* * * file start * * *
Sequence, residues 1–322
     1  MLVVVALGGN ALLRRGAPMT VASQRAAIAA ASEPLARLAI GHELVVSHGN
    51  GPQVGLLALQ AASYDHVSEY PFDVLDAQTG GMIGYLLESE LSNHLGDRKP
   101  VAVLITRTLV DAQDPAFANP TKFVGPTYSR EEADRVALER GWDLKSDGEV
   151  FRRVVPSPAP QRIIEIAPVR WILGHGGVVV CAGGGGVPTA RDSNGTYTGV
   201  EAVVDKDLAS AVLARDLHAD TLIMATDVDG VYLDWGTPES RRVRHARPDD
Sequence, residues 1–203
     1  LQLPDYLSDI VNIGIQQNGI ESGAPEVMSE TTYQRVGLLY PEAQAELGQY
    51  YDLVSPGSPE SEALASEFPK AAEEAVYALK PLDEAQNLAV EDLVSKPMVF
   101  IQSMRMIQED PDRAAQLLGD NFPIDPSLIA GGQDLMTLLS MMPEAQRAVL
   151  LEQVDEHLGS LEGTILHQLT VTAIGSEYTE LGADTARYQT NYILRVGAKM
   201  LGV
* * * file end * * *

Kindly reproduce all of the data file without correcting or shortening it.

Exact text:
Sequence, residues 1–322
     1  MLVVVALGGN ALLRRGAPMT VASQRAAIAA ASEPLARLAI GHELVVSHGN
    51  GPQVGLLALQ AASYDHVSEY PFDVLDAQTG GMIGYLLESE LSNHLGDRKP
   101  VAVLITRTLV DAQDPAFANP TKFVGPTYSR EEADRVALER GWDLKSDGEV
   151  FRRVVPSPAP QRIIEIAPVR WILGHGGVVV CAGGGGVPTA RDSNGTYTGV
   201  EAVVDKDLAS AVLARDLHAD TLIMATDVDG VYLDWGTPES RRVRHARPDD
Sequence, residues 1–203
     1  LQLPDYLSDI VNIGIQQNGI ESGAPEVMSE TTYQRVGLLY PEAQAELGQY
    51  YDLVSPGSPE SEALASEFPK AAEEAVYALK PLDEAQNLAV EDLVSKPMVF
   101  IQSMRMIQED PDRAAQLLGD NFPIDPSLIA GGQDLMTLLS MMPEAQRAVL
   151  LEQVDEHLGS LEGTILHQLT VTAIGSEYTE LGADTARYQT NYILRVGAKM
   201  LGV